My younger sister and I spent a lot of time together growing up, and she was my closest companion during my early years. That said, few things could get me as profoundly enraged as she could – perhaps some of you can relate! As time passed, we spent less time together and more time with our peers. Life happened, and we grew up.
“Siblings can influence each other’s development in positive ways.”
During the COVID-19 pandemic, many children spent less time with their peers and more time in isolation, often alongside siblings. Looking back, I wonder how my relationship with my sister would have been affected if we had been in a similar situation, spending even more of our formative years together.
Why do sibling relationships matter?
Sibling relationships are among the longest-lasting relationships many of us will ever have. Siblings often fight for their parents’ attention and resources (the remote control and the last cookie, in my case). While there may be advantages to being an only child, having a sibling offers benefits as well: Siblings can influence each other’s development in positive ways – for example, encouraging the development of social skills through interaction, observation, and imitation. Having a sibling can help children learn that others have their own emotions, intentions, and beliefs. This, in turn, promotes the development of positive relationships and self-esteem later on.
Sibling relationships during the pandemic
Sibling relationships can be a protective factor during stressful life experiences, helping to shield children from sadness and loneliness. Some relationships may have improved during the pandemic, as siblings were able to turn to each other for support that was perhaps lacking from parents or friends. Particularly for girls, interaction with siblings and mutual acceptance seem to have increased; why this holds true for girls more than for boys remains unclear. Spending time together in isolation may have brought siblings closer together, as they have shared not only activities, but also their feelings. Indeed, a recent study has found that children with siblings experienced less depression and anxiety during the pandemic than children without siblings.
“Sibling relationships can be a protective factor during stressful life experiences, helping to shield children from sadness and loneliness.”
The pandemic has been extremely stressful for many families, however, and stress in the family can increase the likelihood of sibling violence. There is some evidence that both physical and emotional abuse by a brother or sister increased while families were isolating at home. This is concerning, as conflicts among siblings can have lifelong consequences. Being bullied by a sibling has been linked to depression and self-harm in adulthood.
Can parents improve sibling relationships?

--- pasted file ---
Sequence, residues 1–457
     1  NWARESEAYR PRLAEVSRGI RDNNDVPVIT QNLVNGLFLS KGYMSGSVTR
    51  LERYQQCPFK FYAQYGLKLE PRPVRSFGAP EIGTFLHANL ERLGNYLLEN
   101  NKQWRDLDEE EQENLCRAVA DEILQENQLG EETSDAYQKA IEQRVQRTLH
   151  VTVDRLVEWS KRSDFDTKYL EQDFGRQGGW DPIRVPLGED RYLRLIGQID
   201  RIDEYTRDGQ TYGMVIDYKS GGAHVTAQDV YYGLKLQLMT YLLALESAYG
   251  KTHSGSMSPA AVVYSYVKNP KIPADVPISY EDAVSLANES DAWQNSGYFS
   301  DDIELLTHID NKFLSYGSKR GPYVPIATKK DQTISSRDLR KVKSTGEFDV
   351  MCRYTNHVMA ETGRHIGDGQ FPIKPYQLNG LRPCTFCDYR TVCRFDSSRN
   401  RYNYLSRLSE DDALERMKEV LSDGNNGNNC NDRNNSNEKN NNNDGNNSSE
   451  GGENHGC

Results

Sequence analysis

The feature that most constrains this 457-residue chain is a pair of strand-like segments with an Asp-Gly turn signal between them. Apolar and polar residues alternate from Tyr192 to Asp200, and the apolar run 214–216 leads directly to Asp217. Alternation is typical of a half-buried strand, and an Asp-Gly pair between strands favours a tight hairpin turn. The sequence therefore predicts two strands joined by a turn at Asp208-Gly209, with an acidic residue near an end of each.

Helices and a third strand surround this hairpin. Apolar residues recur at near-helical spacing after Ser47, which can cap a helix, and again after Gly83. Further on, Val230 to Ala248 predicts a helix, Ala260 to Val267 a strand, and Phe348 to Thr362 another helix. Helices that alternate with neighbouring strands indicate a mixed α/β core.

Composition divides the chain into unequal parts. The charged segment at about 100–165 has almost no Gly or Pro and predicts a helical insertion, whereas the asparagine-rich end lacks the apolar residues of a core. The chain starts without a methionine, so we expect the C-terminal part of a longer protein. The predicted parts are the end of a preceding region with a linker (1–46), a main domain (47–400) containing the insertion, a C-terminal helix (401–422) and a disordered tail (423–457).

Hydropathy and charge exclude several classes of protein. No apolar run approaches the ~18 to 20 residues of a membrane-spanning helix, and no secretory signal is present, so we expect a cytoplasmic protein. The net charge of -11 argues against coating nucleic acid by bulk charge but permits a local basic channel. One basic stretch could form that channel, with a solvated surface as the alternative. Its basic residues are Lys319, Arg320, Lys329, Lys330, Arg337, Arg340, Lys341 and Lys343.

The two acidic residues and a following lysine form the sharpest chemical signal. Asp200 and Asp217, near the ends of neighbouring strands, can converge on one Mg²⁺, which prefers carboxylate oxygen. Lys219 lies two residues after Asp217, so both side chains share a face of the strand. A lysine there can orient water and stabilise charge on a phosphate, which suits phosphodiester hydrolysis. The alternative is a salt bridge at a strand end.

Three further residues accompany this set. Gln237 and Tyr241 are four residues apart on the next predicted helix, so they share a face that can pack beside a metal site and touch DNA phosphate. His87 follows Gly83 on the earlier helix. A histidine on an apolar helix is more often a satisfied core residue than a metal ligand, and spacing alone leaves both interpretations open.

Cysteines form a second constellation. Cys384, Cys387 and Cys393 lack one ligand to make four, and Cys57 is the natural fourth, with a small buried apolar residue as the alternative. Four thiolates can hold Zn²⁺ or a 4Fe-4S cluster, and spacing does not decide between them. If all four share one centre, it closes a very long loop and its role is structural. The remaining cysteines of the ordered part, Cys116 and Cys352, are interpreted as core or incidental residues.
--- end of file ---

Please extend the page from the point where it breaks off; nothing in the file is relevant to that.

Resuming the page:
Parenting styles can influence sibling relationships. Based on the work of psychologist Diana Baumrind, a distinction is made among three types of parenting styles. Authoritative parenting shows warmth and understanding while also providing supervision. Authoritarian parenting is characterized by more controlling behavior and less warmth. Permissive parenting provides little supervision of children. Some researchers include a fourth style – neglectful parenting, in which parents are relatively uninvolved with their children.
One study has shown that both authoritative and permissive parents tend to have children who are supportive of each other, while this is less true of authoritarian and neglectful parents. It is generally believed that authoritative parenting is the most beneficial parenting style for a developing child out of those based on Diana Baumrind’s work.
“By helping siblings to communicate with one another, parents can promote the development of social skills.”
If a child is being bullied by a sibling, coaching techniques can help parents deal with the situation in a productive way. For instance, they can facilitate communication between the children and involve them in conflict management decisions. By helping siblings to communicate with one another, parents can promote the development of social skills and help lessen the effects of stressful events such as the pandemic.
I like to think that my relationship with my sister would have been one of mutual support and trust, had we been children during the pandemic. However, sibling relationships are complicated, as siblings can simultaneously be role models, confidants, and adversaries. I believe more research is needed to shed light on one of the earliest, most lasting, and most impactful connections a child can have. By learning more about how to nurture supportive connections and communications between siblings, we may be able to help set children on a positive path throughout their development and particularly in times of crisis.